The New York Times are currently running a fascinating series of articles about American speech throughout the years. The sixth part is a compendium of the vocabulary of the average 1962 traffic policeman, and contains some interesting definitions. It seems that quite a few are still in use today.
The specialist vocabulary came about as a result of the nature of the job, and the language is of a “highly confidential nature, being used almost exclusively on the job or in talking about the job, and usually in speaking to another policeman, to an insurance investigator, or to a traffic engineer”. A lot of it is quite coarse, too, due to it being part of a male-dominated profession.
Some of the vocabulary is amusing, some of it interesting from an etymological point of view, some of it is surprising that they needed a term for a particular person or situation.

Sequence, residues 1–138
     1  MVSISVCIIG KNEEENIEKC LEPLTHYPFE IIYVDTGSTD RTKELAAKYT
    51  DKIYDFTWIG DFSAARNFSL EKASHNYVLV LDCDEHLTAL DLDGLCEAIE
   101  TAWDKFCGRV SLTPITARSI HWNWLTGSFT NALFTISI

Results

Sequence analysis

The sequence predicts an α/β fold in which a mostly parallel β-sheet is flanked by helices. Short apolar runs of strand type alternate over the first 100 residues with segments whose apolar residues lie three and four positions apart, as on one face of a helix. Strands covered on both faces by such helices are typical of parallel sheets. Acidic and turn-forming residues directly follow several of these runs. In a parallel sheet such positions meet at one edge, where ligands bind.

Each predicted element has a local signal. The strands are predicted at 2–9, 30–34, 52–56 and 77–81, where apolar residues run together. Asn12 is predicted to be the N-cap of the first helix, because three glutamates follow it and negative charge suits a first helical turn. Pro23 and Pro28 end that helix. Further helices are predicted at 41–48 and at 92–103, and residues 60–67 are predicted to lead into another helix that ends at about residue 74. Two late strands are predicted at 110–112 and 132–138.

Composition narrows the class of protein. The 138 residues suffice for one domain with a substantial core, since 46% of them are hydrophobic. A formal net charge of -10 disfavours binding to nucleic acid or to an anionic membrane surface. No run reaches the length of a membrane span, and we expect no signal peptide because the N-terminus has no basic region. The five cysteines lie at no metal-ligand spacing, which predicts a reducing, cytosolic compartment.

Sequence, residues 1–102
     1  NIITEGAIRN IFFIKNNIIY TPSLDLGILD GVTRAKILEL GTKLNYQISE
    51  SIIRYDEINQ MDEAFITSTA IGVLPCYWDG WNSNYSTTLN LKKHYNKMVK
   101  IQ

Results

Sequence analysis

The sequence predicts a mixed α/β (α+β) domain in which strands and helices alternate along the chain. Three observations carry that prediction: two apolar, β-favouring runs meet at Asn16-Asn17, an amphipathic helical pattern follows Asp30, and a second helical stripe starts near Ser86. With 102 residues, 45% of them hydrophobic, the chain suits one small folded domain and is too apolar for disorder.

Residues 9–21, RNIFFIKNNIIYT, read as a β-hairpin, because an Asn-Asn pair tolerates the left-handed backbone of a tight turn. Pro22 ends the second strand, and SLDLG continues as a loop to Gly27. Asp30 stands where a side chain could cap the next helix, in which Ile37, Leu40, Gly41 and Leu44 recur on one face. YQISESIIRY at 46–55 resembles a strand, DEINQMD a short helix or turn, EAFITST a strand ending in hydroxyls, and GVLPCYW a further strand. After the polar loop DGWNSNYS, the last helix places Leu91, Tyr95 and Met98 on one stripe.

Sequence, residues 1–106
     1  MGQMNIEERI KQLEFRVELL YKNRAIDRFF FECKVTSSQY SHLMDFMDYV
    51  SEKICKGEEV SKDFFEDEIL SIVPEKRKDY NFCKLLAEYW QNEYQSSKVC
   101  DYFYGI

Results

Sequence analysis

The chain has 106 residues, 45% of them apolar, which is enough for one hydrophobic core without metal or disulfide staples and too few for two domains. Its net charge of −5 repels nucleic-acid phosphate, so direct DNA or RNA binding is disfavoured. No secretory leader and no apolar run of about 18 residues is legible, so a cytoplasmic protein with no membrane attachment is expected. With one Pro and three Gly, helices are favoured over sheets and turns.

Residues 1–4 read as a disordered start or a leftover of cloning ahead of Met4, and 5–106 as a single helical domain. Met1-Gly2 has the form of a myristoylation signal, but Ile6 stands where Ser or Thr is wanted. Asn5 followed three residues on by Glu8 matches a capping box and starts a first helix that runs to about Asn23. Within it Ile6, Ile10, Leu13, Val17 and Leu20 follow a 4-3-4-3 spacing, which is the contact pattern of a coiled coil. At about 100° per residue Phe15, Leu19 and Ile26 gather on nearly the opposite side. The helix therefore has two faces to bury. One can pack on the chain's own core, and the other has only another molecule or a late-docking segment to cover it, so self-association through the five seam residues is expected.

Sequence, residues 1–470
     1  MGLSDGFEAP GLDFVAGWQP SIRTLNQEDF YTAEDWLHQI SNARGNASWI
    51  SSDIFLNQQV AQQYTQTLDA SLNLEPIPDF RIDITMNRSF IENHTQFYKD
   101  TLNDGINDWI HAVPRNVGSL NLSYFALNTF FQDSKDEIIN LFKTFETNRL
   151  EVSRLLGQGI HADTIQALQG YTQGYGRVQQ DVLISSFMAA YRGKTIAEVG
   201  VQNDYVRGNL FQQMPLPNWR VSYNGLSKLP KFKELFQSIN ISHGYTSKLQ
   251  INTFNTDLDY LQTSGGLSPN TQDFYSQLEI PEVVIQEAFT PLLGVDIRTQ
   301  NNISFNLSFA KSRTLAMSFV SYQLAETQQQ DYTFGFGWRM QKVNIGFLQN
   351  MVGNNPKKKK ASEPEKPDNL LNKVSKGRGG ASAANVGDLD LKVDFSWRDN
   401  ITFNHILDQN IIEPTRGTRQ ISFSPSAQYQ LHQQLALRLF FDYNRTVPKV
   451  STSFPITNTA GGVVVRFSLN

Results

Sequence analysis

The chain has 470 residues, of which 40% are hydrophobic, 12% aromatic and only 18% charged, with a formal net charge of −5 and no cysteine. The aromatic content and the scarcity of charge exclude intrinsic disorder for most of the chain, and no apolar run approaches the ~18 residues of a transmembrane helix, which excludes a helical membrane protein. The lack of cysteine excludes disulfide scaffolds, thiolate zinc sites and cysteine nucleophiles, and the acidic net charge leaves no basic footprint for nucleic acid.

Some examples from the article:
American taxpayer: A traffic law violator who loudly proclaims immunity because he is paying the policeman’s salary.
Bag case: A fatality in which a corpse is in such condition that it must be transported in a rubber bag or sheet.
Chinese fire drill: An accident scene of great confusion, such as a school bus or cattle truck upset.
Hunt owls: To have headlights so high as to blind other motorists.
Pajama badge: An overly zealous officer. “When he goes to bed, he even wears a pajama badge!”
Toe ticket: The last citation that a habitual violator receives-the identification ticket that is tied to the great toe in the morgue.
Volunteer: A motorist, usually a teenager of either sex, who deliberately commits a violation in front of a patrolman. No patrolman interviewed could offer any explanation for the conduct.